Jerome Berglund’s poem, Manure, grew from his own practice of sowing and harvesting where he was reminded that compost and dung are always essential to the process of growth and fertilization. He writes: “I have a few tattoos, and each was installed as much as a cautionary reminder in many ways, to be employed in the tradition of Sammy Jankis—lest I forget certain reframing revelations hard-learned, important realizations a steep price was paid for admission to.” We must be vigilant to complacency, he asserts, and not let ourselves fall back into old patterns. And as for the Southern Rose? “A captivating thing it was and remains. Transplanted into a better tended garden than I could ever offer, has been, fortunately. I hear it flowers quite magnificently this time of year.”
One early tattoo I got
at a darker time in my life
was of a fly
rubbing its grimy legs together greedily:
‘…Because I’m a piece of shit!’
I would laugh and tell people deliriously.
About ten persons I knew had similar
variations upon this theme, actually.
Etched permanently into their bodies
quite prominently, if you can believe that.
I wouldn’t in your place either,
but it’s true nonetheless.
Which should tell you something about
the caliber of human being I was associating with exclusively
during that masochistic juncture.
But shortly after getting inked
a family member making an effort to cheer me up
add some sugar to the lemon squeezings
and spin this gaffe into something positive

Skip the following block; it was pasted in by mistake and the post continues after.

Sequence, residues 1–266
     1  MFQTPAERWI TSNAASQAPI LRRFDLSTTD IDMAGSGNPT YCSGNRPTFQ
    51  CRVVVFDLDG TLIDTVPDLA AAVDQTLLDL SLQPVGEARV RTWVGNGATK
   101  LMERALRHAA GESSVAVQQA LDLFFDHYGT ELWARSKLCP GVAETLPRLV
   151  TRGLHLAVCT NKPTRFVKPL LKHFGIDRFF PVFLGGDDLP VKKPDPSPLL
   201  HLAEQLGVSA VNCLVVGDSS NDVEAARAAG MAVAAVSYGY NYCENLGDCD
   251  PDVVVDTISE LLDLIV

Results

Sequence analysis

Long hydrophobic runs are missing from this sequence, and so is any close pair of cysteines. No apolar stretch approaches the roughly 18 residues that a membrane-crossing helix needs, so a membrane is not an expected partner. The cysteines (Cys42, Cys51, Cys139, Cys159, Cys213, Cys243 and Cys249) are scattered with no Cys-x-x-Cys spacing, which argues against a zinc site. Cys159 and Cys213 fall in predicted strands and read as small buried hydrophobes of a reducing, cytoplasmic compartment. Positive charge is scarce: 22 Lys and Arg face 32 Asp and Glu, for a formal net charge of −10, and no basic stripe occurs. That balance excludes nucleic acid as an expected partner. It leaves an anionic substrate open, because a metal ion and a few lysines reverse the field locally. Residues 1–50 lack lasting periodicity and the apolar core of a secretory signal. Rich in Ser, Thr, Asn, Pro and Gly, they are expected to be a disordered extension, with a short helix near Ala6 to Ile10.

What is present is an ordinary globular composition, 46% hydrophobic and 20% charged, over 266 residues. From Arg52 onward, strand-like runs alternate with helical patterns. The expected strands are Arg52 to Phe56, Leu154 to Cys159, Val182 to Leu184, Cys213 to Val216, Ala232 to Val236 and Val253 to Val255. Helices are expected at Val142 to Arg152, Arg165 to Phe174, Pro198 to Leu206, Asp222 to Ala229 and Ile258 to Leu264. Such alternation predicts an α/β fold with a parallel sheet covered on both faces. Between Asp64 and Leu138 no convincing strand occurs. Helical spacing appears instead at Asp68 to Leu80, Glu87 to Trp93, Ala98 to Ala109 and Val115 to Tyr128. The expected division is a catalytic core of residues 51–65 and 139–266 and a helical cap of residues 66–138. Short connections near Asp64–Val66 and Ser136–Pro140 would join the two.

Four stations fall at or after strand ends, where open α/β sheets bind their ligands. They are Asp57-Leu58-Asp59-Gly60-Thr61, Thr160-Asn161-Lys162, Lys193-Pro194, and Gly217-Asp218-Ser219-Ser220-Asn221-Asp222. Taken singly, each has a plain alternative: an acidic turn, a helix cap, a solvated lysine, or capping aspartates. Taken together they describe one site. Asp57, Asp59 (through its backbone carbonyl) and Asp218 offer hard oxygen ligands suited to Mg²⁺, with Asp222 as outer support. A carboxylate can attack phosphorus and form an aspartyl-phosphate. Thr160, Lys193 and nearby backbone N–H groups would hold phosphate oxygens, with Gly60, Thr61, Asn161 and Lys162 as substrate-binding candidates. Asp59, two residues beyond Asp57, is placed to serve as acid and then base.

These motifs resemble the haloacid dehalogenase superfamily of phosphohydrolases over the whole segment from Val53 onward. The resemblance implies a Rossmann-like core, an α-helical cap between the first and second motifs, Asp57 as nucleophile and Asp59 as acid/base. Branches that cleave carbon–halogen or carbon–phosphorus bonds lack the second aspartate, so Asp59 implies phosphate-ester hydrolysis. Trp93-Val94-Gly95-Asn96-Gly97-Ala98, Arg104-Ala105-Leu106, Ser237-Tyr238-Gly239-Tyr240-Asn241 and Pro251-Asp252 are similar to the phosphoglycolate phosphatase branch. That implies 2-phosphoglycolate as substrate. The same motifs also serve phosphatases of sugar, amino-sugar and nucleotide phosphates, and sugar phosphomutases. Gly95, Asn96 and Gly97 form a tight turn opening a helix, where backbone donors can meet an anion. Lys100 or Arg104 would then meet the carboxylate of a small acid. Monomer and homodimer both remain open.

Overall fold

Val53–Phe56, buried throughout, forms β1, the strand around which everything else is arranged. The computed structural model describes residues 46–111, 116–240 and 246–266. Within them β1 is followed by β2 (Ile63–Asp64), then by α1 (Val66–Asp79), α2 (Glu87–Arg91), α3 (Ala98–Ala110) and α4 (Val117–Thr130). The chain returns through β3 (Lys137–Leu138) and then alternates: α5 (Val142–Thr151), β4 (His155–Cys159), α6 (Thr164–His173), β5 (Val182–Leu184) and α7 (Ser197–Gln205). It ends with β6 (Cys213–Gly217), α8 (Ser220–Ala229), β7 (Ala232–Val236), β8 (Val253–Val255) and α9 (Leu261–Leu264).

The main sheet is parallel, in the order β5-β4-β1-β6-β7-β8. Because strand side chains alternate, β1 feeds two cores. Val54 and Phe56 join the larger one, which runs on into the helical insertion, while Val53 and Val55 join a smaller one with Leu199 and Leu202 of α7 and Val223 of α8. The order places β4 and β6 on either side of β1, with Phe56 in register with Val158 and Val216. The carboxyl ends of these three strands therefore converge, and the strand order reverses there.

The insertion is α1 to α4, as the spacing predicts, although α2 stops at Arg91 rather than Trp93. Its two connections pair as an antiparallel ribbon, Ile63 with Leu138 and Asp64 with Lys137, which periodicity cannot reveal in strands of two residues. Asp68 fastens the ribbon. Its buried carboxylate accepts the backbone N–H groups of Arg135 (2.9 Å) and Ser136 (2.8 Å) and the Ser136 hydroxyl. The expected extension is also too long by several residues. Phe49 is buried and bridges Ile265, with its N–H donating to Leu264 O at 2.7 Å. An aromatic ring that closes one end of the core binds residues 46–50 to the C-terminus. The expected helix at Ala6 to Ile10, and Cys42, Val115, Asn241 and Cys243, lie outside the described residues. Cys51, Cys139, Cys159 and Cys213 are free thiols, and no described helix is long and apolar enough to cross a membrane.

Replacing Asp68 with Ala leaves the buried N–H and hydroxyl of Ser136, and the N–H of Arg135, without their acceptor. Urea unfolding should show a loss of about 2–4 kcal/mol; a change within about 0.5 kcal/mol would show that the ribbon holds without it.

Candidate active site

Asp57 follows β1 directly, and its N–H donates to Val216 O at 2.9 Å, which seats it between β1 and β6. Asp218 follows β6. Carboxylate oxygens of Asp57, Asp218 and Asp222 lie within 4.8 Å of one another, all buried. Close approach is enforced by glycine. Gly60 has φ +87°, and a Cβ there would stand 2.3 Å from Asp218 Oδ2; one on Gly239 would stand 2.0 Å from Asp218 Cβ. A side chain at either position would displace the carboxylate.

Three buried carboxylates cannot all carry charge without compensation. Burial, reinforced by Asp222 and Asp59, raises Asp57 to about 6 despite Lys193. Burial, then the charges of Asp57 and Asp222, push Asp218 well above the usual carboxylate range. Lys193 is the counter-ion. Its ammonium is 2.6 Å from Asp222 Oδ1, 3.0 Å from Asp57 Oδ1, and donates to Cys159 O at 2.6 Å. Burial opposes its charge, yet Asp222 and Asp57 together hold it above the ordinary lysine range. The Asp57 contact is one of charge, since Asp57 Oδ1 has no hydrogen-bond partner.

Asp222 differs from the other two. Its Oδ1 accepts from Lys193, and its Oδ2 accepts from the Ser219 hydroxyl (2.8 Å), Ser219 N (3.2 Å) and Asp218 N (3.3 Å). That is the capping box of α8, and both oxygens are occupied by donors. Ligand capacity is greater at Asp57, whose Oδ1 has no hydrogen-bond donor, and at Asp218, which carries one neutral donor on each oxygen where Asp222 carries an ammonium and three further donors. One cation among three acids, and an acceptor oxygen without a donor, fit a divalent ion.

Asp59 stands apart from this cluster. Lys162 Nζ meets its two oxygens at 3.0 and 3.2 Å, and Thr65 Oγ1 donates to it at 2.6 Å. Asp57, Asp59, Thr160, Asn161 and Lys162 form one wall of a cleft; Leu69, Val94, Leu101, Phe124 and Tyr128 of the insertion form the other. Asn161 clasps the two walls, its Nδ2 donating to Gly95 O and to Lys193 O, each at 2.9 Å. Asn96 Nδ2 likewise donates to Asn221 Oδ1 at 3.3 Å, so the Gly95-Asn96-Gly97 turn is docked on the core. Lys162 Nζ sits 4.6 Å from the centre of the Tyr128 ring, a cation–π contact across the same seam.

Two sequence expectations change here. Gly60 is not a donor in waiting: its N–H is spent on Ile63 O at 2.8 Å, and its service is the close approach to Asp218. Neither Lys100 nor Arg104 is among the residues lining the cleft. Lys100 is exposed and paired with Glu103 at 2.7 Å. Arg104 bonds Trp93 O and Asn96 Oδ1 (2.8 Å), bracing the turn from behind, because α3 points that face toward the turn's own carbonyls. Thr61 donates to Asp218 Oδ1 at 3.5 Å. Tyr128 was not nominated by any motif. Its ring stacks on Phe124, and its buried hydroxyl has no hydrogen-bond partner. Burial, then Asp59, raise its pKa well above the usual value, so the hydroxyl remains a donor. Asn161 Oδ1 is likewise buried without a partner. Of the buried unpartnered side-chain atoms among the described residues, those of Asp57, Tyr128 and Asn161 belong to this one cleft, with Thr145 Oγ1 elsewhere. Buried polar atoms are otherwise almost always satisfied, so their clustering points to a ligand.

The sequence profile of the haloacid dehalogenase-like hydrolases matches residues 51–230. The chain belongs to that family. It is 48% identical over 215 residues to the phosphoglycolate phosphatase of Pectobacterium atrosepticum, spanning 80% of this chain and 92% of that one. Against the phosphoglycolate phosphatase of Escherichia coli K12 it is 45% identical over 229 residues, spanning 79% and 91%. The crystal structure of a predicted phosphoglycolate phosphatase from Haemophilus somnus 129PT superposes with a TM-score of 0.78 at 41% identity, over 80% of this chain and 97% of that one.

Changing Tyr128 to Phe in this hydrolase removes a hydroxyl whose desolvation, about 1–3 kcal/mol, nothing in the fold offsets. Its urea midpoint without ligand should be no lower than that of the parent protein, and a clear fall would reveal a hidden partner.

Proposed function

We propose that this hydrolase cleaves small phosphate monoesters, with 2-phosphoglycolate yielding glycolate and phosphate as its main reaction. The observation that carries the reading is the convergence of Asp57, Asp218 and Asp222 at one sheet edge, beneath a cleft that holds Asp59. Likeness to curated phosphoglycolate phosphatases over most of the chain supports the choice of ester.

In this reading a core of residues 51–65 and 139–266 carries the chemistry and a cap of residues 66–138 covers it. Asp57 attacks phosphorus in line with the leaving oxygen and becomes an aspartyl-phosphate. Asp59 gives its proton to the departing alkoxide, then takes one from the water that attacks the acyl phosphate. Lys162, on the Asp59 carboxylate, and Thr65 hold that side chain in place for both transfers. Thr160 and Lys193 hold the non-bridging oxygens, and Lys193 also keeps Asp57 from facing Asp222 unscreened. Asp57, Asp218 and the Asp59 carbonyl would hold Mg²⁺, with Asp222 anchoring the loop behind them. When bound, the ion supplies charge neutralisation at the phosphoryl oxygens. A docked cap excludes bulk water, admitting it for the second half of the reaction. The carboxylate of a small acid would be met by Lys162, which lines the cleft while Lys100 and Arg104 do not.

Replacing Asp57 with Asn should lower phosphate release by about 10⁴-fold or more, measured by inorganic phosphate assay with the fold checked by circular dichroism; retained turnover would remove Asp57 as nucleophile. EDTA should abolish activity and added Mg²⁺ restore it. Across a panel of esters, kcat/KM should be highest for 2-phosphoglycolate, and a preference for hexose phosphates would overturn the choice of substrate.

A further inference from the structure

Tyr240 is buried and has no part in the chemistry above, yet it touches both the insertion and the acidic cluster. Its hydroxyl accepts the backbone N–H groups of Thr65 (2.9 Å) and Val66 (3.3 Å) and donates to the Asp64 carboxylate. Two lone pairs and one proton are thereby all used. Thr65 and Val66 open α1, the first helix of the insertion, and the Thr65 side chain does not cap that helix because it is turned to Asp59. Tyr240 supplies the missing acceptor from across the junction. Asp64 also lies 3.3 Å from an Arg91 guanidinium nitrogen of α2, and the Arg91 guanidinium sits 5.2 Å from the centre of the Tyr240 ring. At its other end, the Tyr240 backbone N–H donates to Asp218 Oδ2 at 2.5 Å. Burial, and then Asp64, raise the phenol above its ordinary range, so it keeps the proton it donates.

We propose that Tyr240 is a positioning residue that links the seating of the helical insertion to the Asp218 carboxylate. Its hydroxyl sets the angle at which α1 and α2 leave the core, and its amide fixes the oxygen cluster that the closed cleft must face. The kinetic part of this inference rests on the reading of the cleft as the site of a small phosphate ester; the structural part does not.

reminded me how all manner of things grow from scat:
trees / great stalks of corn / even flowers.
And I knew that to be true, indeed reflected, had seen it happen once in fact.
Improbable freak fluke, stroke of beginner’s luck though it had been.
But I could not transplant my old rosebush in this verdant filth,
it having been long since uprooted.
The best I could manage proved to be finding
a silk replica, at the local thrift store, to remind me of its bloom.
Plastic imitations are easier to care for, requiring no water or sun.
If they do get dusty, when you neglect them too long.
The real thing, on the other hand
I recall was quite a chore to contend with.
Grow in shit though a Southern rose does, it also leaches its soil bone-dry,
absorbs its every nutrient ravenously,
leaves landscape sterile and desolate,
windswept and austere in its wake.
Once it has wilted, every petal blows off into the breeze and flutters away,
nothing is apt to grow there again.
And maybe that’s just fine, really.
Barren vistas are orderly and predictable compared to jungles.
I do find myself missing the bouquet,
those drumming showers which accompanied it;
even the stingingest pricks, from the most piercing thorns
could be flouted were they delivered by your prize blossom.
Succulents of the wastelands, by comparison, are less delectable.
Sure, they require less water.
But you get what you pay for.
And don’t get what you can’t afford to.
A graduate of the University of Southern California’s Cinema-Television Production program, Jerome Berglund spent a picaresque decade in entertainment before returning to the midwest where he was born and raised. For the last several years he has lived a relatively quiet life, spending his time reflecting, exploring what he learned over the course of a somewhat checkered young adulthood, via writing, poetry and fine art photography. Berglund has previously published short stories in Paragon Press’s Veisalgia and the Watershed Review, a play in Iris Literary Journal, and poetry in Abstract Magazine, Wild Roof, and Ulalume Lighthouse.